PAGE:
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“A bank is a place that will lend you money if you can prove that you don’t need it.” ~ Bob Hope

The past couple of years have witnessed stringency in the U.S. lending space, and getting necessary financing for real estate investment has become increasing challenging. If you are a sophisticated investor with an existing real estate portfolio, you won’t have to fret about financing, but the equation is quite different for novice investors.
A new investor might undergo several detours between the initial offer and closing of the deal, with financing being one of the primary reasons. If you are facing similar financial uncertainties, seller financing could be an excellent option for you. Seller financing in real estate involves a seller who finances the purchase for the homebuyer, while acting as a traditional lender. As good as it may sound, only a small fraction of deals close with seller financing, as stated by a report.
At Sense Financial, we work with real estate investors, including both sophisticated as well as novice professionals. Helping real estate investors purchase property through Solo 401k has allowed us to learn some of their trade secrets. In fact, a majority of investors gladly share their knowledge and experience in seller financing. One of the key challenges facing novice investors is to find suitable deals for seller financing, and we are going to discuss some tips to overcome this roadblock.

How to Find Seller Financing Deals in Your Market?


The key to seller financing is finding sellers that are motivated to sell their house, and as it happens, sellers who are delinquent on their mortgage payments or facing a potential foreclosure make the best candidate for seller financing.
How to find pre-foreclosures 

  • Search for ‘legal paper for your county’ on Google
  • Visit County Recorder’s office online/offline to find about auctions and distressed properties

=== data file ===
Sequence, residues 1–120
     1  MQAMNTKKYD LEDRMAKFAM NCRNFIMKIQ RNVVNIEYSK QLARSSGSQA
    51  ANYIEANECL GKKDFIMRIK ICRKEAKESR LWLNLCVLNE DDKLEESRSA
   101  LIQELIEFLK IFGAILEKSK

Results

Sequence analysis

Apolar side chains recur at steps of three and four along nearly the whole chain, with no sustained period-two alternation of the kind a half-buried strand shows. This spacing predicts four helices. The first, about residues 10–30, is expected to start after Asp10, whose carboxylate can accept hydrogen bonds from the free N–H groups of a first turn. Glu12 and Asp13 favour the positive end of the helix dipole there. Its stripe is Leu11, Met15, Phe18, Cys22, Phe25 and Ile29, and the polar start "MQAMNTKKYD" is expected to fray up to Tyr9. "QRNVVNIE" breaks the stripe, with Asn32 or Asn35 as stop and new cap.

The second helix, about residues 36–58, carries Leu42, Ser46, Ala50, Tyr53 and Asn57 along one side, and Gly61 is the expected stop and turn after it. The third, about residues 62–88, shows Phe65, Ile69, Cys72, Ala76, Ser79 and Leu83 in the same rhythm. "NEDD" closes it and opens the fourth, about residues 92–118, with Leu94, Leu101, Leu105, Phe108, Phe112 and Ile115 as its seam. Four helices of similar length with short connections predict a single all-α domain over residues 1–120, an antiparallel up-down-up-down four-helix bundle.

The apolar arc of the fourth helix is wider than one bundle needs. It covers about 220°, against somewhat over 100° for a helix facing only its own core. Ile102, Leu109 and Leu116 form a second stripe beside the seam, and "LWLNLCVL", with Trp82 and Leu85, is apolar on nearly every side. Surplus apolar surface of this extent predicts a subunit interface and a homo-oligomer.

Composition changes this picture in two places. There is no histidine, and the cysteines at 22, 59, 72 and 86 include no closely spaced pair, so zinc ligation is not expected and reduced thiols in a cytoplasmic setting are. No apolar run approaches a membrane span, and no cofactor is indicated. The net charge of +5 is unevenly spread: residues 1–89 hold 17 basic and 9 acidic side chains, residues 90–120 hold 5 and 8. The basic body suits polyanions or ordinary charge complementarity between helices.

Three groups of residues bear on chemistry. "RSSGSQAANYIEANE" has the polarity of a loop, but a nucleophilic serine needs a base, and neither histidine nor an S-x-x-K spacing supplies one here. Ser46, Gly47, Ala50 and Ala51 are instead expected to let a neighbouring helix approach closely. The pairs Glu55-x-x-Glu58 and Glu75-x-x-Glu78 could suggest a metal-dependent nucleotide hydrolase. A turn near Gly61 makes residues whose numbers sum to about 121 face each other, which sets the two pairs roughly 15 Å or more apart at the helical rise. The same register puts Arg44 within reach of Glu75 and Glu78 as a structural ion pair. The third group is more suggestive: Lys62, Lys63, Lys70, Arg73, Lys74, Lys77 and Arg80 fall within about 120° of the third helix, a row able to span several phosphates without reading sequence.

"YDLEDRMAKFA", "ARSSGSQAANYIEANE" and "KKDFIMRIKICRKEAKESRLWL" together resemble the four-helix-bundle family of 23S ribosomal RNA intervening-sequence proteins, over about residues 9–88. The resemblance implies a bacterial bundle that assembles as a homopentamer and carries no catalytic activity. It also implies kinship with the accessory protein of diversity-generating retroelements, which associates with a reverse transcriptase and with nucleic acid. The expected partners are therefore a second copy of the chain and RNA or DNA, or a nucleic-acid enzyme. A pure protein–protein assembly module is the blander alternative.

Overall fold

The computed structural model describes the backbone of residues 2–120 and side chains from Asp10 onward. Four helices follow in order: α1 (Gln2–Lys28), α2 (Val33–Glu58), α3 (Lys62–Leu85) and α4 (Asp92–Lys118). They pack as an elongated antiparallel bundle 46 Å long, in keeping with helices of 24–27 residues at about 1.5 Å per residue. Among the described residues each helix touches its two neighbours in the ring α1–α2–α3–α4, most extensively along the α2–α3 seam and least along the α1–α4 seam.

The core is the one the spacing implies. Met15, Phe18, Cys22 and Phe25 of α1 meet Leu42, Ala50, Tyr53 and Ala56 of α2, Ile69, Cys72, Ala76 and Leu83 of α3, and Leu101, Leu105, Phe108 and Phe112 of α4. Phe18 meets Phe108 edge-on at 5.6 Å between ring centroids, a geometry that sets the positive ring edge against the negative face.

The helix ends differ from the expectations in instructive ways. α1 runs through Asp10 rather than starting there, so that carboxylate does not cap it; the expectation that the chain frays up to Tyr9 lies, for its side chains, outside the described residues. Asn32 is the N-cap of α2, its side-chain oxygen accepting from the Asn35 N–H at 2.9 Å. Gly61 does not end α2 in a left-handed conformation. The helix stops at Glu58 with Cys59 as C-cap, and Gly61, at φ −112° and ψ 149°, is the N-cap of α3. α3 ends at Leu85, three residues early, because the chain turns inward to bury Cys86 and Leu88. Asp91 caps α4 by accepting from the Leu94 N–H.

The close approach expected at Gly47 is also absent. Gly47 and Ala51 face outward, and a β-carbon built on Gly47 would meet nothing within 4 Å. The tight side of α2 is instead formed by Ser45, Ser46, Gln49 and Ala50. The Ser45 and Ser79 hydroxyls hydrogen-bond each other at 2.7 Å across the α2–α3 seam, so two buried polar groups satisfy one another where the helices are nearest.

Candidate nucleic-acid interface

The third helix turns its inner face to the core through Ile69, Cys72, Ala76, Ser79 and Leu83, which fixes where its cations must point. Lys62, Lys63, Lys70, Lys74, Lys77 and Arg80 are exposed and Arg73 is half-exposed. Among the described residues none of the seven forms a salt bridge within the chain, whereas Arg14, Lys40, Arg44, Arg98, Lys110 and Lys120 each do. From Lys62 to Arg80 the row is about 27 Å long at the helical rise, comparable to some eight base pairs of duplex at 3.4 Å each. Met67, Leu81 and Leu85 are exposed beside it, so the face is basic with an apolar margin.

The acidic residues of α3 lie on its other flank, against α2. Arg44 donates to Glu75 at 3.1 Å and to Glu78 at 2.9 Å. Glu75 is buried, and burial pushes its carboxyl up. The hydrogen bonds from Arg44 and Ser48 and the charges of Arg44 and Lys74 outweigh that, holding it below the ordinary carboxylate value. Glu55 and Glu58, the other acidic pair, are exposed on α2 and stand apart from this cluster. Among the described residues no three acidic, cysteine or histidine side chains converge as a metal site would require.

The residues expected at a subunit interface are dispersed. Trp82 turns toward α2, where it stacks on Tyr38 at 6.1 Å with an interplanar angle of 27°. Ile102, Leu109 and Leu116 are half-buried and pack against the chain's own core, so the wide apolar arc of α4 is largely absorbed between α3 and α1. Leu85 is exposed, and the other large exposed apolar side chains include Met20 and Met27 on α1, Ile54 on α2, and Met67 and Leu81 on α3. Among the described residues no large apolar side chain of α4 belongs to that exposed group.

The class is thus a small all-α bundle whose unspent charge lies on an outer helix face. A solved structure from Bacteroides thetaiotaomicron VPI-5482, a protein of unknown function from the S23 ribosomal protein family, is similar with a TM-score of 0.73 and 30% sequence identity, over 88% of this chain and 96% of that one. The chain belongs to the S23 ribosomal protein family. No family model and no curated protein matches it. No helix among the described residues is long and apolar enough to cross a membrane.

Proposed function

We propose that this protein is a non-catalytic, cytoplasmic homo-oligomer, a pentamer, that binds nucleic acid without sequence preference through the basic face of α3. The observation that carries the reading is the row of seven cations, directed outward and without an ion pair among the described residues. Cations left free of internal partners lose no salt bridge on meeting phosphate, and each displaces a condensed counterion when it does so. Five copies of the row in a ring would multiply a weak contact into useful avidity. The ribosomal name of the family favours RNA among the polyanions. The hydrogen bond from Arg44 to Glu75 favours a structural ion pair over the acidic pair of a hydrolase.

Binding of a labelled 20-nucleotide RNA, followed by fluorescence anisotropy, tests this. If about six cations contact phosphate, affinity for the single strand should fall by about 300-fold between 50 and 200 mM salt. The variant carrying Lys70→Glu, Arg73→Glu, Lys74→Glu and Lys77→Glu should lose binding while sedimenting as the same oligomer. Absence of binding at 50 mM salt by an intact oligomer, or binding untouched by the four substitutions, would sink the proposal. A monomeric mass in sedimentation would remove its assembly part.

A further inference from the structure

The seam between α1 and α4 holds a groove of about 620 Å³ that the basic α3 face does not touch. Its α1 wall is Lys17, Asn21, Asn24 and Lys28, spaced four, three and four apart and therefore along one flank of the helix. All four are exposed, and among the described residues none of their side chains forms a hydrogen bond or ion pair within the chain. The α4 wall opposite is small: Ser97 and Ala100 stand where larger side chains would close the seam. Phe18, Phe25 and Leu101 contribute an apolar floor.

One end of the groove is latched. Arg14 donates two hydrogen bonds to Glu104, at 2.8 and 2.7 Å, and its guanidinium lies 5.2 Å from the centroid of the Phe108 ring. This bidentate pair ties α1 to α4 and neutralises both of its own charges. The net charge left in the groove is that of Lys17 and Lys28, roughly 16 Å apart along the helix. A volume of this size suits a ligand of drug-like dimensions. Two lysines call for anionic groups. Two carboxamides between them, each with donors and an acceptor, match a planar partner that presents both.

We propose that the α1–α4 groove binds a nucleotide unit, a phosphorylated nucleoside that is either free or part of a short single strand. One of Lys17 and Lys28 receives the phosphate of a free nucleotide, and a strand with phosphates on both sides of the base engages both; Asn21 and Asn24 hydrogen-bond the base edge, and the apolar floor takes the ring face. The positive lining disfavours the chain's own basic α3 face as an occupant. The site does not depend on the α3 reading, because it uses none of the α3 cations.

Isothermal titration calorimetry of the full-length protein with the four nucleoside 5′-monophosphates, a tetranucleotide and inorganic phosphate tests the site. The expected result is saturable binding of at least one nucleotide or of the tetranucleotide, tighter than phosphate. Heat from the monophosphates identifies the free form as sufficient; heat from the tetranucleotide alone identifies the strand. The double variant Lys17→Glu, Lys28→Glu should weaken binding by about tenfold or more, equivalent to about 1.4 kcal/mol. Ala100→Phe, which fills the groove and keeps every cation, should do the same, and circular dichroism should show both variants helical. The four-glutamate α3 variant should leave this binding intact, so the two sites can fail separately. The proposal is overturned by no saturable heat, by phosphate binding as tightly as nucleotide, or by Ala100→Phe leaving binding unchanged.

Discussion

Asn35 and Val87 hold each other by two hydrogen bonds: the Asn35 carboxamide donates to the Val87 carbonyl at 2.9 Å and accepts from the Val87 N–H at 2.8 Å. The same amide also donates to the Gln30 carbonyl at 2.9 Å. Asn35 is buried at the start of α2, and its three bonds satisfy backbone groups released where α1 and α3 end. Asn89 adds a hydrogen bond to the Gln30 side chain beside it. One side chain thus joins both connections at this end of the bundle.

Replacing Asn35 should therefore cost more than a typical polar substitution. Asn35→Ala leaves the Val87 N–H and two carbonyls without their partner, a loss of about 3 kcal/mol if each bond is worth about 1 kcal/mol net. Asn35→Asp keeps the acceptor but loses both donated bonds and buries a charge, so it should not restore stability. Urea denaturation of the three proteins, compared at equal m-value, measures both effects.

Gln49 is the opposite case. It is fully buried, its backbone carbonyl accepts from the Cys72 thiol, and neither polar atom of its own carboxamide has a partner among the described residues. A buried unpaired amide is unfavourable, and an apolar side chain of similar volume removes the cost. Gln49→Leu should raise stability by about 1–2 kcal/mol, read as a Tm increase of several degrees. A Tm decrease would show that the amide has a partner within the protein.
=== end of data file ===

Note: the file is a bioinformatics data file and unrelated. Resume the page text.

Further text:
• Check legal notice section of your newspaper for sheriff’s/trustee sale
  • Use pre-foreclosure/auction section on


Another motivated class of sellers includes families facing bankruptcies, and you are quite likely to find bargain deals. These sellers are likely to offer modest lending terms. You can find about them in the county’s legal paper.

Eviction Records

Have you heard about the “Iceberg Model/Theory?” As per the model, only 10% of the iceberg floats above the water, with 90% of its mass underneath, and in a manner, real estate is quite similar to an iceberg. Novice real estate investors often jump into rental space because of what they have heard, only to realize later that owning rental property is nothing short of a challenge.
In your search for seller financing candidates, check the eviction records of your county and focus on properties with multiple evictions at a higher frequency. Very few rental property owners treat real estate as a business and many of them lack the necessary skills and tools for effective management. They are quite likely to accept your seller financing offer, as they will still receive their monthly cash flow minus all the hassle.

Vacant Homes

If you haven’t tried ‘Driving for dollars,’ you are certainly missing a huge opportunity. You may have observed some vacant homes in your target neighborhood, but you’re a little hesitant about this strategy. An effective driving for dollar strategy could help you build a strong pipeline and open the door to multiple types of deals.
What type of properties you will find? 

  • Bank Owned/HUD Properties
  • Probate Properties
  • Out of town homeowners

Signs that you should look for 

  • Overgrown lawn
  • No code enforcement
  • Boarded windows
  • Piled up mailbox/newspapers
  • No maintenance

What you should do 

  • Search local Central Appraisal Directory to find property status
  • Track down property owners through public records
  • Mail an offer to their address or get in touch with responsible attorney/realtor

Purchase Property through Solo 401k Retirement Plan

Once you have done all the legwork, it is time to boost your real estate investment by purchasing it through your Solo 401k retirement plan.

Why adding real estate to your retirement portfolio makes sense?

  • Get access to your retirement funds and invest in high-quality assets.
  • Your rental income grows tax-free until distribution.
  • Solo 401k plan will pay for maintenance, saving you from any immediate financial burden.
  • Your retirement account can receive higher returns on investment, with chances to grow at a higher pace.

What is the difference between purchasing property through Solo 401k retirement plan and regular real estate transaction?

The best part about adding real estate to your Solo 401k plan is that the process is exactly the same, with the only difference being the title holder of the property. Your Solo 401k retirement plan will hold the title of the property, although you will sign on behalf of the Solo 401k plan.
Important facts to understand 

  • Use only non-recourse financing for funding
  • Every expense goes from the Solo 401k plan only
  • Rental income comes directly into the plan
  • Never deal with disqualified persons